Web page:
Separate names with a comma.
Discussion in '2000-02 Archive' started by Aaron, Dec 26, 2002.
Yeah I wish he would "Tithe" 10% to our church!
How come someone with so much already won it? I must assume that God knows he will do good with it or he would not have won it, but then again, is it not gambling to buy a ticket! Beats me. But he can give me some if he wants. I will share the wealth! LOL
Love in Christ Angie
How would he determine if God requires, 10, 90 or 100%
Great day for his church. Is he Baptist? After all, he did say God gave it to him.
God gave it to him?...
God pulled millions of dollars out of peoples' pockets so he could win such a big pile of money? I have my doubts. Nevertheless, salvation is akin to a lottery. By calvinism that's all it is; by free will, it's still an accident of birth or circumstance to be conditioned in a culture where the gospel is taught.
Lottery is WICKED!!
Many of you know that!
So very true! You give what God puts upon your heart. People tend to just stick with the 10% that is mentioned in the Bible. Kind of a cop out in my view, but I was and still am guilty of the so called 10% rule!
Surely you jest!
Regardless of how we feel about lotteries, let us rejoice that this man won.
He first, thanked God.
Secondly, he gave freely ten per cent to three local churches. The amount is irrelevant.
Thirdly, he thought about his workers he had to lay off before Christmas.
I saw in this whole event, none of self. Isn't it a glorious thing that a man should think of all these things and dare to state so publicly?
Praise God from Whom ALL blessings flow!
Isn't it false advertising to advertise the jackpot as $314.9 million when the winner actually received only $111 million?
I assume that's because he chose the "lump sum" option rather than the "pay over time" option.
The present value of "pay-over-time" equals "lump-sum" so either way, the winner is getting $111 million in today's dollars.
[ December 27, 2002, 11:41 AM: Message edited by: webmaster ]
Voluntary taxation of the poor (the majority anyway)
I am not familiar with taxation in the USA, but in Canada, lottery winnings are tax free. When the prize is distributed in payments, however, it becomes taxable earnings, as does any interest gained on subsequent earnings from the same prize.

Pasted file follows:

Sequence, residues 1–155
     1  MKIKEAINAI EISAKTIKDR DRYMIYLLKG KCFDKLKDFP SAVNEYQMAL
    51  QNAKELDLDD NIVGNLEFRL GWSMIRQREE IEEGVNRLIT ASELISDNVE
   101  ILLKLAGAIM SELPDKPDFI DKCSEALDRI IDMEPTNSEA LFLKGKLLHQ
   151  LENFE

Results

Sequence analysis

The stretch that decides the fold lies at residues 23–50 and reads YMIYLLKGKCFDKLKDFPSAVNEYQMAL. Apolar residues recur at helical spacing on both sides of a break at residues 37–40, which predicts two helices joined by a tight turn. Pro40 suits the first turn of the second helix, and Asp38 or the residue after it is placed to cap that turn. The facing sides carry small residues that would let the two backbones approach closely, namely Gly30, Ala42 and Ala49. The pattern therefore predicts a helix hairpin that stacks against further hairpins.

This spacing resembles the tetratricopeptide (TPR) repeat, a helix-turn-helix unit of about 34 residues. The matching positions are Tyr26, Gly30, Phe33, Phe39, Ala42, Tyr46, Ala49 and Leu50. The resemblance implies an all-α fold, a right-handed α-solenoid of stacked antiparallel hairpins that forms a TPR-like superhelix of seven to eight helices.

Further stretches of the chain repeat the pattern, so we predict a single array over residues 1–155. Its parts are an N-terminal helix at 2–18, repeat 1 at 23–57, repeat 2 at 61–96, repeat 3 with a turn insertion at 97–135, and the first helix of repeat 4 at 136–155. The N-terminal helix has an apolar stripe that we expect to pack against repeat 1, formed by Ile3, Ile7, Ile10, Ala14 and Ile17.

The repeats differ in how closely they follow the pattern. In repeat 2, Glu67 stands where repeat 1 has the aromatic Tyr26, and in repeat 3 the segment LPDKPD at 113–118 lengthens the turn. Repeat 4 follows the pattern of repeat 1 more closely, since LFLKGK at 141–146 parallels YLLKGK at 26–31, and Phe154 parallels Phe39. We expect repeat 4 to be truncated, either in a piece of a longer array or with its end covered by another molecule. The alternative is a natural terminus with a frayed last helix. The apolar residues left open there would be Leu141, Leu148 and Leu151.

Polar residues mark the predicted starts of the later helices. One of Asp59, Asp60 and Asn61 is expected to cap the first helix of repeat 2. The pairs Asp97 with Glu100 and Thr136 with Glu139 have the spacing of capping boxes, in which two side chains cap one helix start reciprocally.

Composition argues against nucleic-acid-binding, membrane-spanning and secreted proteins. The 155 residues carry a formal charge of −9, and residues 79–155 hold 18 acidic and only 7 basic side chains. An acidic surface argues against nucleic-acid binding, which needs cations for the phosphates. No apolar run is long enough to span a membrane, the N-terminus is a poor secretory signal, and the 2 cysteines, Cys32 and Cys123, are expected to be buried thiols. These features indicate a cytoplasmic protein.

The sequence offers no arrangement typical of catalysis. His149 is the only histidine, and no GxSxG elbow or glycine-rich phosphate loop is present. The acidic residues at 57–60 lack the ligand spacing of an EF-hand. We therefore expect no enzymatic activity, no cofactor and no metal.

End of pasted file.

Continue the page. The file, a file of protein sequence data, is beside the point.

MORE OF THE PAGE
One gains by taking the lesser lump sum payment.
After taxes, he will receive about one third of the actual amount awarded, around $115 million. I saw him on the news this morning. He said he was giving his church around $13 mil. first. Then he was going to retire. Seems he was already a millionare, so his lifestyle wasn't going to change much. He has a daughter with cancer, who is in remission for the second time, and he has had health problems, too.
Hmm. Let's be honest. Would you hesitate to give your church a lump sum of $13 million? Not that you don't want to give it, but you wonder whether the church is equipped to properly use and care for that much money.
Cool...that's what I would do too...if I played the lottery...which I never have. Tithe means tenth part...or first fruits...which would mean gross, before taxes. And in California...they don't give you the whole amount at once, it's a yearly predetermined sum from what I understand....if you want one lump sum...it's a much smaller amount... how do I know? The news.
rsr...your church wouldn't know what to do with the money? How sad. My church could think of a million uses, I have no doubt whatsoever that they would make good use of the funds. Dorms, buildings, busses...geepers creepers...wouldn't know what to do with the money...that just blows me away.
WS, I have no doubt any church could find ways to spend the money. But could just any church spend it wisely?
What would a church with a normal operating budget of, say, $250,000, do with $13 million? It's nice to have trust, but often a big windfall brings dissension. The probate courts are full of it.
It would be nice to think that collectively those who are faithful with little also will be faithful with much. But I have my doubts. Must be the curmudgeon coming out.